So, as always in life, you can make plans, but…

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A Dusting of Snow

Sometime during the night on Sunday the snow returned; quietly, unassumingly.  Do you remember Christmas morning and the excitement you felt?   Well, that’s how I felt Monday morning when I looked out my window.

Okay, I’ll digress here for a moment.  We didn’t have Christmas morning at our house so I really have no idea how that might feel.  Packages were opened Christmas Eve.  As I remember it, Santa didn’t come down our chimney either (and to my knowledge, there was no reason why he couldn’t…I don’t remember ever seeing a fire in it); no, our Santa rang the doorbell and we would find a present at the door.  Mom and dad, Uncle Jerry, Aunt Margie, and a host of shirt tail kin, would start drinking around 5:00 and the doorbell ringing would start shortly thereafter.  The more the grown ups tossed down those Tom n’ Jerry toddies, the more often Santa rang that bell.  Sometimes Santa would get confused and ring the back door bell and the grown ups would laugh and laugh.   That Santa was one jolly fella all right.

I wanted so very, very much to believe that  Santa was ringing the doorbell, but that summer there was an “incident.”  I was trying on my mother’s candy pink stiletto heels one day, dangling the matching patent pink leatherette purse from my arm as I clipped on the fake aurora borealis earrings and spritzed myself with Evening in Paris (which sat on a heart-shaped mirrored plate on the glass shelf of a 1940’s mahogany vanity – the kind with a round mirror the size of the moon) when I realized I needed gloves to complete my ensemble.

Being very small for a seven-year old, I had to open the bottom drawer and then the next one up and climb up to look into the top drawer for the gloves.  Instead of the lovely lace gloves I had in mind, I found Santa’s red suit and his face.  His face?!  It was more of an Al Jolson Halloween mask, but there it was sitting right on top of the most famous red suit in the world.  The one with the black patent leather belt, white fur, big gold buttons, the one that smelled just like those Tom n’ Jerry toddies.   I was so devastated,  my foot slipped and the entire chest of drawers came down on top of me.

I remember the sound of my mother’s footsteps, and that of her own horror as she saw nothing but my two little gloveless hands waving from either side of the chest.  I cried “It’s Santa’s face!  It’s Santa’s face!  Get it off me!”   Mothers have a very cagey, brilliant way of diverting a child’s attention between rapid heart beats.  As she pulled the chest of drawers up, she completely overlooked the Santa situation.  “What are you doing wearing my high heels and earrings?  Have you been in my perfume?”  Now what was brilliant about her tactic was that while she was scolding me, she had somehow removed the old man’s red suit and his face.  When I blubbered that Santa’s face was in the drawer and went to prove it, everything was gone.  Gone.   And then to completely put an end to any Santa suit/face nonsense, she dropped the most diabolical bomb you could on a seven-year old Catholic, stigmata wannabe “You’re going to have to go to confession for this.”   Visions of the loss of gold stars on my chart at school caused my eyes to roll back into my head.  All those 6:00 a.m. masses that I dragged my seven-year old self to slipped right off the pages of Sister Delores’ ledger.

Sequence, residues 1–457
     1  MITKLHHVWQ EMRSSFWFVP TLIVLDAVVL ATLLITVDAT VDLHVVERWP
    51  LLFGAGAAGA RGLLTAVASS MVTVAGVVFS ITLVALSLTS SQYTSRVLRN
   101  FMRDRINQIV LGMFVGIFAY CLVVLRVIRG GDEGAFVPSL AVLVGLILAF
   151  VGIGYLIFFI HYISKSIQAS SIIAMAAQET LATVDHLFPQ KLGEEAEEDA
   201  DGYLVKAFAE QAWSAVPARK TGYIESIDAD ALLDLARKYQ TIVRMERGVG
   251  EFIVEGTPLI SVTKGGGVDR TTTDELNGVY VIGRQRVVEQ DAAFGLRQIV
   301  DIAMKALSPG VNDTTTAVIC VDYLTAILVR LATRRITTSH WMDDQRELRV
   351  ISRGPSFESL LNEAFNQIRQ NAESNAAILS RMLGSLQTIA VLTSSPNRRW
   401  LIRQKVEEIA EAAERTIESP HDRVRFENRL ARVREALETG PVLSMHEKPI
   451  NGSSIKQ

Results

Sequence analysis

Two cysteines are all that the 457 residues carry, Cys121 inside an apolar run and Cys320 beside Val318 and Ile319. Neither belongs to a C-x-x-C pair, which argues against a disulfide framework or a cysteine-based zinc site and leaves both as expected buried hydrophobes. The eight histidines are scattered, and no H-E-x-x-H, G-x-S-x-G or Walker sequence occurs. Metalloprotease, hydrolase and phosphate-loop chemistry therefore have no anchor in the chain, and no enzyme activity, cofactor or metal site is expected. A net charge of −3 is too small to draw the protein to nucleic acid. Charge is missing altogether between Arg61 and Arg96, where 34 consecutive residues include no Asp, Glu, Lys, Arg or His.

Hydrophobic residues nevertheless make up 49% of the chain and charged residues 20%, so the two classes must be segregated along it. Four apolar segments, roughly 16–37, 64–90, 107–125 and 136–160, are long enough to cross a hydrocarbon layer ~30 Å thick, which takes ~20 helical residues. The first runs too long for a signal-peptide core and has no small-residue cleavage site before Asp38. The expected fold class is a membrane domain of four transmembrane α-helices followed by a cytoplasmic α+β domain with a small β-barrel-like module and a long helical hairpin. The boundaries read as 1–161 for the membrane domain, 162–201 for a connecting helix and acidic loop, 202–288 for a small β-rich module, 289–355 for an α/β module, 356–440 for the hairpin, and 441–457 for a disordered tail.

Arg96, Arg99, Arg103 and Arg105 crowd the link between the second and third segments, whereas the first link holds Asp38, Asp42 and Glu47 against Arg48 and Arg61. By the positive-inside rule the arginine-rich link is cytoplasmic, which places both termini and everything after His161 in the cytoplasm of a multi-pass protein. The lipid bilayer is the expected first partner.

But I wanted to believe in Santa just as much as I wanted to believe that one day if I prayed hard enough, long enough, with great fervor, I would bring on stigmata and lord it over Barbara H (the only girl in class who had red pens and Danish ham sandwiches with the crusts removed and the ham so thin you could see Christ on the cross through it), so every time the door bell rang, I ran to the door (front or back, it didn’t matter) and there would be a present.  But being precocious, I just couldn’t let it rest.  The  next time the doorbell rang, I ran into the dining room and peeked into the kitchen to see who might be missing.  Where was my dad?  And then he appeared, coming through the garage door, out of breath, cheeks flushed, a glorious, mischievous grin on his face.  I loved my dad more than any present that I might find on the porch steps, so I snuck back out to the living room and waited for the doorbell to ring.  And it did, again and again – year after year.

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Multiple Snowflakes Outlined in Blue

Granted, it didn’t last very long, but it was my very first snowfall.  I was upstairs and I noticed the flakes falling, but to be honest, what with the tub (which turned out to be a clog and not a broken pipe) and the light leaking, I couldn’t help but think “now what?”  And then I looked more closely…”Snow!”   Yes, I called out “Snow!”   I ran downstairs to the deck and, sure enough, it was snowing there, too.  On the rail were tiny piles of icy snow that looked like the Mexican wedding cookies I had sitting on the counter.   I drove into town, but there was no snow there…no sign of snow at all, William told me.  When I told him it was snowing at my house, he had that look in his eye, the one that says “pazza completa.”   I learned that phrase from Marlena de Blasi’s book A Thousand Days in Venice.  Completely crazy.   By the time I came home, the snow had stopped, but then it started again and this time it was serious.  I don’t remember snow having a sound, but it did, and it whispered “see what happens when you live the life you imagined.”

I think it might just be the perfect night to have a hot toddy – maybe the one Kathy recommended in her blog www.SophiaSophia.com.   Care to join me?